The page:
‘Messiah’ leads juggle trans-Atlantic roles

CorrespondentNovember 23, 2013 

Messiah 2009 Carolina Ballet

Carolina Ballet’s production of “Messiah.”


  • Details

    What: “Messiah,” presented by Carolina Ballet

    Where: Memorial Auditorium, Duke Energy Center for the Performing Arts, 2 E. South St., Raleigh

    When: 8 p.m. Wednesday, Friday and Saturday; 2 p.m. Saturday and Dec. 1

    Tickets: $27-$68

    Info: 919-719-0900 or carolinaballet.com

When principal dancers Gabor Kapin and Margaret Severin-Hansen began rehearsing for Wednesday’s opening of Carolina Ballet’s popular “Messiah,” they stepped back into lead roles they’ve danced with the company before – he as Jesus, she as Mary Magdalene. The dancers, who met at Carolina Ballet and were married in 2008, have danced with the company from its earliest years.

But getting to rehearsals wasn’t just a short drive across Raleigh this time. Instead, they had to fly from Antwerp, Belgium, where they are spending the 2013-14 season as leading dancers with the Royal Ballet of Flanders. The invitation to perform in Europe was a dream opportunity for them, but it meant some adjustments and sacrifices.

Artistic Director Robert Weiss was relying heavily on Kapin and Severin-Hansen for this Carolina Ballet season, especially after the recent retirements of several of the company’s principals. But when they told him about their offer, he readily agreed to help make it happen.

“I thought it was good for them to explore their artistic boundaries and get other experience, “ Weiss said. “Gabor and Peggy are at the height of their powers. They are in their early 30s, the time when it all usually comes together for ballet dancers.”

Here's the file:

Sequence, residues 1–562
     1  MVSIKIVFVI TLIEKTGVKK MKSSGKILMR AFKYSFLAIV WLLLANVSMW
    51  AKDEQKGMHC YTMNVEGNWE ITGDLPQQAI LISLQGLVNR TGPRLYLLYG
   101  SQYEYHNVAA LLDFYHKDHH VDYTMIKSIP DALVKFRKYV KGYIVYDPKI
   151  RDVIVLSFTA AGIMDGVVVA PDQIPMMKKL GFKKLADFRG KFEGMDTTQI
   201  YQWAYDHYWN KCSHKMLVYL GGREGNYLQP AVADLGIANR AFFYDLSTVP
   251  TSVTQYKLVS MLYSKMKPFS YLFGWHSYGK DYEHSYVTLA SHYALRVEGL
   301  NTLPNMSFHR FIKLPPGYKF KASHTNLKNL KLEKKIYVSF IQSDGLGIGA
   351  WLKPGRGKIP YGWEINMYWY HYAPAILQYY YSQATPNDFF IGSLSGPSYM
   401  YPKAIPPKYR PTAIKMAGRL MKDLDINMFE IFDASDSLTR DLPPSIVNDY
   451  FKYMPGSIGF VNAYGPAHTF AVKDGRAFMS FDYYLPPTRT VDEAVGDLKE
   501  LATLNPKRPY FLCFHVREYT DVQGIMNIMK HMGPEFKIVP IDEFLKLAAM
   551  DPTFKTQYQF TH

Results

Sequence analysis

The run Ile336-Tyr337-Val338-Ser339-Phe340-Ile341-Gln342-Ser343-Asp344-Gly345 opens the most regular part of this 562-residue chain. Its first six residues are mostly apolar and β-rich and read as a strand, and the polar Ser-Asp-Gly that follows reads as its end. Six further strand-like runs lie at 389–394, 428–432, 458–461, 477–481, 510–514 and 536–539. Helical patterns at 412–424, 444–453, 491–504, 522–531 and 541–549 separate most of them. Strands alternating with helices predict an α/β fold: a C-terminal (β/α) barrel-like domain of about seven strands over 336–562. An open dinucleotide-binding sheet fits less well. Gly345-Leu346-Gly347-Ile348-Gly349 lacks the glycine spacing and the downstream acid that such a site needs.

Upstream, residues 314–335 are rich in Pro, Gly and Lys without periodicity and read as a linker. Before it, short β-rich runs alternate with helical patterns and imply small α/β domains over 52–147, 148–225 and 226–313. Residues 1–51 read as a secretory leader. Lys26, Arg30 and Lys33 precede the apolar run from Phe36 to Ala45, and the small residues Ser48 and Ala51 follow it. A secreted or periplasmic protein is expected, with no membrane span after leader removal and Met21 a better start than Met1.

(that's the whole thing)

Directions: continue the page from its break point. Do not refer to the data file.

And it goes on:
For Kapin and Serverin-Hansen, the excitement was soon tempered by the complicated logistics that the new opportunity would entail, as they explained in a Skype interview from Antwerp.

“Everything was so different, such as setting up a bank account and learning how to pay bills, so it took five times as long,” Severin-Hansen said. “Luckily, most everyone in Antwerp speaks English, so we didn’t have that barrier.”

Most difficult was finding living quarters.

“Apartments don’t rent for a year,” Severin-Hansen said. “It’s three, six or nine years. At first, we said we couldn’t do that, but then the company dancers told us you just sign for three years and break your contract when you leave, which is very easy here.”

The couple also had to buy furniture, find the best places to shop and learn the ropes at the new company.

“Everything about working with the Royal Ballet of Flanders is different,” Kapin said, “including the style of leadership and the way the company is run. We almost went back after the first two weeks, but we pulled through.”

Severin-Hansen is documenting their daily challenges with postings on her Twitter account (@psevhan), which has included many amusing photos.

“We don’t know how long this adventure is going to go on,” Kapin said, “but the U.S. is our home.” For now, the couple is commuting back and forth for assignments at both companies.

Both look forward to performing again in “Messiah,” which is staged with a live chorus, soloists and orchestra.

“I especially love the part where Jesus spirals up out of sight,” Kapin said.

Severin-Hansen likes two particular parts. “Dancing barefoot in the pas de deux with Jesus and playing the angel with the giant wings – they are so different from the usual pointe work,” she said.

Severin-Hansen will dance three of the five “Messiah” performances and Kapin will dance two.

“Alternate casts are always necessary for these lead roles,” Weiss said. “It’s the hardest ballet we do. There’s no down time, just nonstop dancing.”

Back for its eighth season, “Messiah” bears repeat viewings, according to Weiss.

“Not only are there different performers bringing their own personalities to the roles, but you are a different person, bringing a different set of experiences from the last time you’ve seen it.”

Dicks: music_theater@lycos.com

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